PITTSBURGH -- Mike Matheny read the frustration that Matt Carpenter felt but didn't know he actually exuded. That exasperation had hit its crescendo in the series opener when Carpenter, stuck in a 4-for-28 snag, struck out a trio of times.
Matheny, perceiving that something "just didn't look right" with his leadoff hitter, sat Carpenter in response on Tuesday, only to deploy him as part of a last gasp that the Cardinals transformed into a last laugh.
Down to the team's final strike, Carpenter delivered a game-tying homer off the bench and then watched the Cardinals steal a 9-7 win at PNC Park when Randal Grichuk and Jhonny Peralta added ninth-inning home runs behind him.
Carpenter's home run was record-breaking, too. Nine innings after matching a National League record by homering in their 25th consecutive game, the Cardinals set a Major League mark with their 15th pinch-hit blast of the year. Carpenter cited hitting coach John Mabry as especially deserving of credit for the bench's success.
"That's what he made a living off of, being a pinch-hitter, and he's given a really good approach to our young players who pinch-hit a lot and even us veteran guys who have been around," Carpenter said. "That approach has stuck with all these guys, and they go up there ready to hit. They put good at-bats together when they get that opportunity, and it's led to a crazy amount of success."
The pinch-hit blast broke a tie with the 2001 Giants and 2001 D-backs for the most by a team in one season. Before Tuesday, Carpenter had never connected for a pinch-hit home run. He is now the ninth Cardinals player to homer off the bench this year.
"A lot of work goes into being ready for those pinch-hit at-bats," Matheny said, "and they're taking a lot of pride in that."
Matheny had held Carpenter from earlier pinch-hit spots on Tuesday to save him for as optimal a situation as he could find. A ninth-inning matchup against Tony Watson -- against whom Carpenter was 2-for-17 -- wasn't necessarily that. But it was the team's last shot. Trailing by one with nobody on and two out, Carpenter fell into an 0-2 hole.
"I told myself I want to be short and just battle in that scenario," Carpenter said.
Watson's next pitch -- a 93-mph sinker that was intended to be off the plate -- instead arrived over it. Carpenter crushed it into the right-center field stands.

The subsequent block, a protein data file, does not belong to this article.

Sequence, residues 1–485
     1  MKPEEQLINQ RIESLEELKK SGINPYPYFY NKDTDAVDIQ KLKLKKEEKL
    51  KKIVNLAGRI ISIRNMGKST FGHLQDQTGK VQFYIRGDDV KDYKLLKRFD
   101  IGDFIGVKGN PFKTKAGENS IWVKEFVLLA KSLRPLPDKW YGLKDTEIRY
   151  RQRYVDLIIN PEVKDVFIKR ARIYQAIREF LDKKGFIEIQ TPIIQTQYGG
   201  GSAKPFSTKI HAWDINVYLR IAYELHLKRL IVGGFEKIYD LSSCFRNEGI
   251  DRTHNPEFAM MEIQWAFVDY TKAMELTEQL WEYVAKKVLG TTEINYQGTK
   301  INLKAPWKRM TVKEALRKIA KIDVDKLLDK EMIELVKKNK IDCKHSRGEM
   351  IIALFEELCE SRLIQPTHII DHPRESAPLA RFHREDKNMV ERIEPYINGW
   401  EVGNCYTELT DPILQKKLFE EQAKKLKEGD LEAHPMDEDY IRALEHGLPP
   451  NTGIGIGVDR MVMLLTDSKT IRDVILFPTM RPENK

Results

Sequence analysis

"[I] got ahead of myself in the delivery, left it middle-up, and Matt Carpenter's a really good hitter," Watson said. "Terrible pitch, one you wish you had back."
It only got worse for Watson, too, as he then allowed a double to Yadier Molina and consecutive homers to Grichuk and Peralta that sealed the Cardinals' come-from behind victory.
For Carpenter, there was vindication in finding a way to contribute amid such a trying stretch.
"I've had a hard time finding a rhythm since I've come back from the DL," said Carpenter, now slashing .224/.308/.402 since returning from an oblique injury in early August. "I don't like not playing well. I was a little frustrated yesterday, and Matheny could sense that."
Matheny described what he saw as "unnecessary grinding" by Carpenter behind the scenes.
"I try to pay attention to any clue I get to where guys are because they're not always the most honest with me because they want to play," Matheny said. "He actually was fighting with me last night because he wanted to play today. I'm sure glad that I didn't listen to him."
Jenifer Langosch has covered the Cardinals for MLB.com since 2012, and previously covered the Pirates from 2007-11. Read her blog, follow her on Twitter, like her Facebook page and listen to her podcast. This story was not subject to the approval of Major League Baseball or its clubs.